The biggest difference may be that genre fiction is more plot driven, as opposed to character driven. A literary novel could be all about ideas, philosophies and themes. Genre novels are driven by the events. So ask yourself, how does the reader learn about my main characters? Is it through introspection and inner monologue? If so, you’re building a literary novel. If you learn about these people by watching what they do, the actions they take, the decisions they make, then you’re in the genre track.
So create strong characters, but force them into interesting, challenging events and keep the pace up! Then you’re ready to submit to Intrigue.
Monday, December 24, 2018
For many of us, writing is a discipline. We get up every day with a clear plan to write for a specified amount of time, or to add a predetermined number of words to our work in progress. And we have a sense that to make any kind of progress, it needs to happen every day of our lives.
But what happens at the time of the most popular holidays. In my house Christmas is a time when family members abandon their normal daily routines entirely and gather together for group activities. This could mean board games, watching specific movies together, or entertaining other people’s kids. Shopping, cleaning, and cooking take up more time than usual. So how do we get our writing done.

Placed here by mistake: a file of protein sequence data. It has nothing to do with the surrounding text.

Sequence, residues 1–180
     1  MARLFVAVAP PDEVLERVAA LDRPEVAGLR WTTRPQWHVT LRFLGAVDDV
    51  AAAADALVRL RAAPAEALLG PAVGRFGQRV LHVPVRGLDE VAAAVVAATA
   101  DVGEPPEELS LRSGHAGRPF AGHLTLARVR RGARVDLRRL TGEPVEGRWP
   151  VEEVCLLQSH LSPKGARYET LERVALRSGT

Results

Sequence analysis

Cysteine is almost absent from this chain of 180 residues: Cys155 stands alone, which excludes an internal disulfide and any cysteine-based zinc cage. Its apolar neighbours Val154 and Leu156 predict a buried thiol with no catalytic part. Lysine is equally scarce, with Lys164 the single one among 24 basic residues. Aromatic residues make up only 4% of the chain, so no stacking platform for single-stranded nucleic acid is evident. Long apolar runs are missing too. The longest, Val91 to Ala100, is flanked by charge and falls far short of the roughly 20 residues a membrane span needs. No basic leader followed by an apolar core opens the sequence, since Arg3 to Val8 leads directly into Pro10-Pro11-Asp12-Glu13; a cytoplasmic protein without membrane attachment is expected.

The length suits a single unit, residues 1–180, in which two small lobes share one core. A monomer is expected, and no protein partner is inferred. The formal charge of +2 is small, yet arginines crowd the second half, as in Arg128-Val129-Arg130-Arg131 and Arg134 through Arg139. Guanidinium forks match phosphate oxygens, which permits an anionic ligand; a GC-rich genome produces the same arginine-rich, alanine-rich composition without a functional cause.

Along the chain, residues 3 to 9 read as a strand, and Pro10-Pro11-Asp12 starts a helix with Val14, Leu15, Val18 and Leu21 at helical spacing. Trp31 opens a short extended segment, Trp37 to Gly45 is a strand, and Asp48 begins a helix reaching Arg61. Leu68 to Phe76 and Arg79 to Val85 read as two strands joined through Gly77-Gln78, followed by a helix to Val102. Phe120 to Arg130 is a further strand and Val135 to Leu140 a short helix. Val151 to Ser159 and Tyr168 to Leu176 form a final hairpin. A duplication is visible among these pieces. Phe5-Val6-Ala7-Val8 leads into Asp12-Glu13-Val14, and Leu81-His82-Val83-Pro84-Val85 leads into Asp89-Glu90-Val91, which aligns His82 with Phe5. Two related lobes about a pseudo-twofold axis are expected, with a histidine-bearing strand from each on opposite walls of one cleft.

I’m unwilling to abandon my writing impulses just because of family gatherings. But I have choose to rearrange my plans for two weeks every year. Instead of crafting new paragraphs I designate this time for gathering the raw material from which I will craft the paragraphs of the future.
Great fiction needs great characters. If you’re surrounded by my family, and probably yours, you’re drowning in them. So I try to be in it, but not of it, if you know what I mean. I observe their behavior, their reactions to situations, and silently try to describe them in words. How would I tell someone of this facial expression. I know he looks disappointed / joyful / grateful / bored… but what words would I use to describe that look in my book. Plus, I register how people dress, hairstyles, accents, all the attributes good characters will have in my next novel.
I’m also capturing dialog. Different people use phrases and sentence structures I would not, but everyone understands them. I get to hear people using baby talk to the grandbabies, and speaking in a very different way to the oldest relatives.
And drama? There’s no end to it, and I get to see how those tense situations get started, even among loved ones, and how they get resolved. People in my fiction will find themselves in these situations too, and now I can express it realistically.
So yes, I’m still working at being a writer, even in the chaos of Christmas morning. By mentally recording these experiences, I improve my craft, even if I’m not actively writing.